Then, download the non-installer version of EBII v2.35 from one of the links mentioned in this announcement. I decided for the non-installer version because I figured I would need Wine for the installer to work properly. As we’re installing under Linux, you can also ignore all the instructions about installing in a short path outside the Program Files directory.

Unpack the 7z package with 7z e EBII_noninstaller.7z. This will create a directory called mods/ in the current dir, with a single dir called ebii inside it. Copy that dir to:

~/.var/app/com.valvesoftware.Steam/.local/share/Steam/steamapps/common/Medieval\ II\ Total\ War/share/data/mods/

Then copy the file Medieval\ II\ Total\ War/share/data/mods/ebii/data/banners/no_banner.mesh to Medieval\ II\ Total\ War/share/data/data/banners/no_banner.mesh, outside the mod dir. Then delete the dir Medieval\ II\ Total\ War/share/data/mods/ebii/data/settlements.

Next, have a look at the instructions here to install two patches for the mod. These are problematic, because they contain some directories with upper case letters, which means that rsync will add those directories and files to your mod, instead of replacing the existing files, leading (in my case) to crashes whenever I start a battle. First, unpack the EBII 2.35A Patch FINAL R1.rar file with unrar. This will create a directory called 2.35\ patch. If you run a find command on that one, you will see the problem:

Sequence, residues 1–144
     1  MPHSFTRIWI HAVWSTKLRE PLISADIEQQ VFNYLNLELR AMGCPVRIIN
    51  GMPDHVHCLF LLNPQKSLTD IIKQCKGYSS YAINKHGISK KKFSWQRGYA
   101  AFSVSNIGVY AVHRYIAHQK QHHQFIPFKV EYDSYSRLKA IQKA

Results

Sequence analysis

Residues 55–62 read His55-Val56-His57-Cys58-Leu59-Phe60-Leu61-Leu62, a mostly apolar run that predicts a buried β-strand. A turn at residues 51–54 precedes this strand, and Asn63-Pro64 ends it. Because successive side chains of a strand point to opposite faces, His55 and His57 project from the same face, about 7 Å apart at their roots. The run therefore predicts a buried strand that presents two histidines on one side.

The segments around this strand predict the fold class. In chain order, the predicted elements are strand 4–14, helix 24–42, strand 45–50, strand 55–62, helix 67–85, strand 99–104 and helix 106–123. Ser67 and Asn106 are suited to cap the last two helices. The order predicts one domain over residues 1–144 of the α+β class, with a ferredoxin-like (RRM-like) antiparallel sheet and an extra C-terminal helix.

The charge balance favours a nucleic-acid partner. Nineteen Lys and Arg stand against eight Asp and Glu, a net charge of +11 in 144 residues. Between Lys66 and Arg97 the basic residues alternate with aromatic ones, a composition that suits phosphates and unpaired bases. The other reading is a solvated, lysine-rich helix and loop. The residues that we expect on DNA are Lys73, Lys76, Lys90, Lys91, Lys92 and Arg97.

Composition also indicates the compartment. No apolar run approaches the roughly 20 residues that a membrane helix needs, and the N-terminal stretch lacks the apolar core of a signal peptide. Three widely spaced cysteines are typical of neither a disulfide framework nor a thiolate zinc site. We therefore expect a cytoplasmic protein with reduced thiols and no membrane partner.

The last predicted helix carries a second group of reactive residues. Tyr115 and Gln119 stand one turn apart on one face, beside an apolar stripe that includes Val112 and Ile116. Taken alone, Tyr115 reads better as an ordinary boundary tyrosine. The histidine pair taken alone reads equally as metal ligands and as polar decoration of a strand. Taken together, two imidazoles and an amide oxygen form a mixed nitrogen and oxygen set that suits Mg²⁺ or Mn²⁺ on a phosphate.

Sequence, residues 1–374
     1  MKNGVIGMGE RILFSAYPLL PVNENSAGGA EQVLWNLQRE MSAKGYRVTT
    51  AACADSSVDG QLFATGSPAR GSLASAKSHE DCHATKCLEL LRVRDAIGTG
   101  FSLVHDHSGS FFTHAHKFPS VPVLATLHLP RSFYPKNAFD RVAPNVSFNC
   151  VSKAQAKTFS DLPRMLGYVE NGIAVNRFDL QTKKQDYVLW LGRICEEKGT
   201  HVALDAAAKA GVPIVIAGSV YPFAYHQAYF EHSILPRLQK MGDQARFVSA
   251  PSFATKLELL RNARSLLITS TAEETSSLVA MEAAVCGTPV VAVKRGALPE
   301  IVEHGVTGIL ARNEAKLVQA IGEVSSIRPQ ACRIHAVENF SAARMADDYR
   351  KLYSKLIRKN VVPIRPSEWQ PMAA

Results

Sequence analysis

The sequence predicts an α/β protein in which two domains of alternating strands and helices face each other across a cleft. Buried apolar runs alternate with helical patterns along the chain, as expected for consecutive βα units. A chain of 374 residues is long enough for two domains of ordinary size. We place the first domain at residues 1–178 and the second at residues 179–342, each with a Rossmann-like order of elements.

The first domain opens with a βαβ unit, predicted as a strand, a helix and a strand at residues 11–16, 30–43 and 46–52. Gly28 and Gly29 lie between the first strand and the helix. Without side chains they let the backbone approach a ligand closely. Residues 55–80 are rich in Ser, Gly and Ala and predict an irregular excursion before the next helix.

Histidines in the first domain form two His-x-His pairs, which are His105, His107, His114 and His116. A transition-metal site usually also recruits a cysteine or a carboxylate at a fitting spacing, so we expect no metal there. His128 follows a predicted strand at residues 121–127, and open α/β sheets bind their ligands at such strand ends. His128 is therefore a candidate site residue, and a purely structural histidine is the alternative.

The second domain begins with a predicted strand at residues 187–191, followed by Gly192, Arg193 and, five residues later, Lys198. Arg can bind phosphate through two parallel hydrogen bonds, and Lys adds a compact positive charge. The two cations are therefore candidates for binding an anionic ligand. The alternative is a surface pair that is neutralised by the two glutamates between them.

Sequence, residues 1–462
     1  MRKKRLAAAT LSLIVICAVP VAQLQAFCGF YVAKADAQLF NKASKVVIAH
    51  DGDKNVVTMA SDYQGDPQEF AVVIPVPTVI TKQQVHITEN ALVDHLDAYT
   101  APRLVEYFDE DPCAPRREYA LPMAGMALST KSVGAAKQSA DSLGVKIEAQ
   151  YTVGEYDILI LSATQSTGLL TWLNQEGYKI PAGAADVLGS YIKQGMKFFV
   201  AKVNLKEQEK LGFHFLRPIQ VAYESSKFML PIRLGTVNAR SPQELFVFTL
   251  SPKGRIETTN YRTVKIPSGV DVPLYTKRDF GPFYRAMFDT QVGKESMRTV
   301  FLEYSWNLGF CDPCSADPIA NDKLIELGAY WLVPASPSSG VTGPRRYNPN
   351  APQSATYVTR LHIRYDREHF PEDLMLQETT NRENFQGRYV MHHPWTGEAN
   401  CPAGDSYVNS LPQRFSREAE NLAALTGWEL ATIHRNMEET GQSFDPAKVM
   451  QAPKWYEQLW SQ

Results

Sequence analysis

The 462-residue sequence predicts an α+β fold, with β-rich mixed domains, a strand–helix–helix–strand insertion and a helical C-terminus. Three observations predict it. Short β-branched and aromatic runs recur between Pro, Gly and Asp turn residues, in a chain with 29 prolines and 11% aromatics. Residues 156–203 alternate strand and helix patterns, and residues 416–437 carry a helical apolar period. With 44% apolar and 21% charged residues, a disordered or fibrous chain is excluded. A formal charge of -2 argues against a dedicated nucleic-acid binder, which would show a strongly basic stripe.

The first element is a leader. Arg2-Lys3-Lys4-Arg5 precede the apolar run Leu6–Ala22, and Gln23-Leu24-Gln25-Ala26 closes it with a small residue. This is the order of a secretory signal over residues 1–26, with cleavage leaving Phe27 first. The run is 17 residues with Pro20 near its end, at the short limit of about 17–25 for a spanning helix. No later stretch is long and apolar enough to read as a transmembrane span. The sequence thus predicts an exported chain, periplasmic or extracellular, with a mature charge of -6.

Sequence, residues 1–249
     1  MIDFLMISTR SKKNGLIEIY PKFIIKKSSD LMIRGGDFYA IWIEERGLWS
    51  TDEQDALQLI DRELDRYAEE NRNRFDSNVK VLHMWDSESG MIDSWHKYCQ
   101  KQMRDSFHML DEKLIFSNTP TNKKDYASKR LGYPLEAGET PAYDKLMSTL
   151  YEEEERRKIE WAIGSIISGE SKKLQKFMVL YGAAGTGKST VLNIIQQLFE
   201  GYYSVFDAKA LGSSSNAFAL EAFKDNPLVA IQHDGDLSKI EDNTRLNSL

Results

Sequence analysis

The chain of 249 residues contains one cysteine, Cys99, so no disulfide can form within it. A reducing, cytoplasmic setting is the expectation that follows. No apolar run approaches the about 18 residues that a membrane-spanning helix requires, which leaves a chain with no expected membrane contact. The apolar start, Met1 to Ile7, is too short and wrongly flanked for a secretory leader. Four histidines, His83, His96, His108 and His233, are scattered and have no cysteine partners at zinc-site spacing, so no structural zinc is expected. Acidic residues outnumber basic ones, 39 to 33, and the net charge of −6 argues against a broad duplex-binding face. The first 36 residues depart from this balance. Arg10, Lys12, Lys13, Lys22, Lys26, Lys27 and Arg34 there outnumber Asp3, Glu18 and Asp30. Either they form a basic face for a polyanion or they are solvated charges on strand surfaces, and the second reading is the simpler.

find 2.35\ patch/ -regextype posix-extended -regex '.*[[:upper:]].*'

This produces a lot of files. Now run the same command on the original mod folder:

find  ~/.var/app/com.valvesoftware.Steam/.local/share/Steam/steamapps/common/Medieval\ II\ Total\ War/share/data/mods/ebii/ -regextype posix-extended -regex '.*[[:upper:]].*'

There will be no hits - all files are lower case. To lower case all of the files in the patch, you can use the following command:

find 2.35\ patch/ -depth -exec perl-rename 's/(.*)\/([^\/]*)/$1\/\L$2/' {} \;

Note specifically the perl-rename. I also have a different rename command on my machine, that’s not the right one for this snippet.

After all files have been made lower case, you can now install the patch:

rsync -aPv ./2.35\ patch/data/ ~/.var/app/com.valvesoftware.Steam/.local/share/Steam/steamapps/common/Medieval\ II\ Total\ War/share/data/mods/ebii/data/

This patch also has some additional instructions in the 2.35\ patch/readme.txt file. Namely, removing all *.idx and *.dat files in the modes/ebii/data/sound dir.

And finally, unpack the last EBII v2.35A R3.5.zip patch. This one also needs the lower case treatment as described above and then should also be copied with rsync to the mods/ebii/data folder.

And that’s it. Happy conquering the ancient world. 🙂